“So at this point, we’re basically just banking on history being our guide and that, in the fall, precipitation events tend to be helpful for drought conditions,” Jamison said.

The drought will at least persist through September, according to the National Integration Drought Information System’s monthly outlook.

Droughts are not unusual in Maine

Since 2016, some parts of Maine have been in some kind of drought during the summer, according to the U.S. Drought Monitor. Sometimes that means just one area of the state is experiencing drought.

“In 2020, we had some really severe conditions, probably more severe and widespread than we’re seeing now, and it was the same in 2016,” Stasulis said.

While short-term droughts are common in the northeastern United States, the region is also prone to returning to very wet conditions.

For instance Maine’s worst drought in recent history, in the early 2000s, was followed by a predominantly wet decade.

“Most of those years, precipitation was near normal or above normal,” said Sean Birkel, the Maine state climatologist.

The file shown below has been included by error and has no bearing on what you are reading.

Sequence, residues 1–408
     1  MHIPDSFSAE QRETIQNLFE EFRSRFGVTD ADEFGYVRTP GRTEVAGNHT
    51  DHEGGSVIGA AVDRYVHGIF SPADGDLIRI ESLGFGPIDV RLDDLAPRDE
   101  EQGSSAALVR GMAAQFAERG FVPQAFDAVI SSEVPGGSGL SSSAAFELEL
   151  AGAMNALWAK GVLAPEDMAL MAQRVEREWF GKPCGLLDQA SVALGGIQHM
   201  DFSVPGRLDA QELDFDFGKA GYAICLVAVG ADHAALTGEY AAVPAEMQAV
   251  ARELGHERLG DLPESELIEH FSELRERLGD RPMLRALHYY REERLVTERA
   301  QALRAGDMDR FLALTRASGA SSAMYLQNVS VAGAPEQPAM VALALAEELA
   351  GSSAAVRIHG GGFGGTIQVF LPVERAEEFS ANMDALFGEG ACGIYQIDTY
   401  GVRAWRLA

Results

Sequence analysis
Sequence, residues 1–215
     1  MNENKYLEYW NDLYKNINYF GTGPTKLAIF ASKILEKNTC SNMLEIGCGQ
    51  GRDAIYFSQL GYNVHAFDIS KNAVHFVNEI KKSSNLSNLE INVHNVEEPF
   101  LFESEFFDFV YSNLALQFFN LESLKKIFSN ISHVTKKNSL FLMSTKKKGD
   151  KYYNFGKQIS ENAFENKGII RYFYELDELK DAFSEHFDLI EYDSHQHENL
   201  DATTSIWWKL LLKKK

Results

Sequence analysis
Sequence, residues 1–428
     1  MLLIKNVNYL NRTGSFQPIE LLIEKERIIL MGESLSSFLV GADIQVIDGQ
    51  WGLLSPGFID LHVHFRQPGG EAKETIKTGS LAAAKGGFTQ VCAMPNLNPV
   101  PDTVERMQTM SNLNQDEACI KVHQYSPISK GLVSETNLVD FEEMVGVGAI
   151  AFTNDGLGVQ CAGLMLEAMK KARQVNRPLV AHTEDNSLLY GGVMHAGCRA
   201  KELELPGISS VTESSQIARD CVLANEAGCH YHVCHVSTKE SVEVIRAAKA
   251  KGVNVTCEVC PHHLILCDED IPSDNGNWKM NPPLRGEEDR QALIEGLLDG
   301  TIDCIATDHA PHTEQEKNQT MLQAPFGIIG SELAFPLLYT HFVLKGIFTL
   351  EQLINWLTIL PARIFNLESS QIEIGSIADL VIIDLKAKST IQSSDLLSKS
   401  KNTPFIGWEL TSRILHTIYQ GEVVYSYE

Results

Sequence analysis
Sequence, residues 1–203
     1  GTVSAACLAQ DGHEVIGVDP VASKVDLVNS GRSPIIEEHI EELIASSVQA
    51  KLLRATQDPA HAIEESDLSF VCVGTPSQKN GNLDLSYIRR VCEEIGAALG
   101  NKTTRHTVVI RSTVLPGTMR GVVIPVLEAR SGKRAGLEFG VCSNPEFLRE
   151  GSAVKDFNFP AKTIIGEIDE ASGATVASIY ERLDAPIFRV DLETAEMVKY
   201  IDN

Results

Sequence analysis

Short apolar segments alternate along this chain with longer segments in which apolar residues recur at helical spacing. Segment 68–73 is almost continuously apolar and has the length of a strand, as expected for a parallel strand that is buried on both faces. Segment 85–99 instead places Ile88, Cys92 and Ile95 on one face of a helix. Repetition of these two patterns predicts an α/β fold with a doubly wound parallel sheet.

Droughts are getting drier, but overall Maine is actually getting wetter

What happens during the whole year affects whether Maine will have drier conditions or a potential drought in the summer, when temperatures are highest. When Maine gets less snow, which has been the long-term trend, it can have less groundwater come summertime.

Decreased snowfall in the winter is a result of warmer temperatures, which can be linked to climate change.

“As the climate warms, the relative length of the snow season is shrinking, and that is producing an overall trend towards earlier snowmelt,” Birkel said.

“Maine’s climate is getting wetter,” Birkel said. “Whether or not drought will become more or less common is not yet known.”

Mehr Sher is a Report for America corps member. Additional support for this reporting is provided by the Unity Foundation and donations by BDN readers.

Mehr Sher reports on the Maine environment. She is a Report for America corps member. Additional support for her reporting is provided by the Unity Foundation and donations by BDN readers.